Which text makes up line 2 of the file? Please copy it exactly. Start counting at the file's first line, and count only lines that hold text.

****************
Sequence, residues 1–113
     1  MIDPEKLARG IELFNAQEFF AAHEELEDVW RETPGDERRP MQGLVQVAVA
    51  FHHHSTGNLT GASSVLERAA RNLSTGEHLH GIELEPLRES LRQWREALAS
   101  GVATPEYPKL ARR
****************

     1  MIDPEKLARG IELFNAQEFF AAHEELEDVW RETPGDERRP MQGLVQVAVA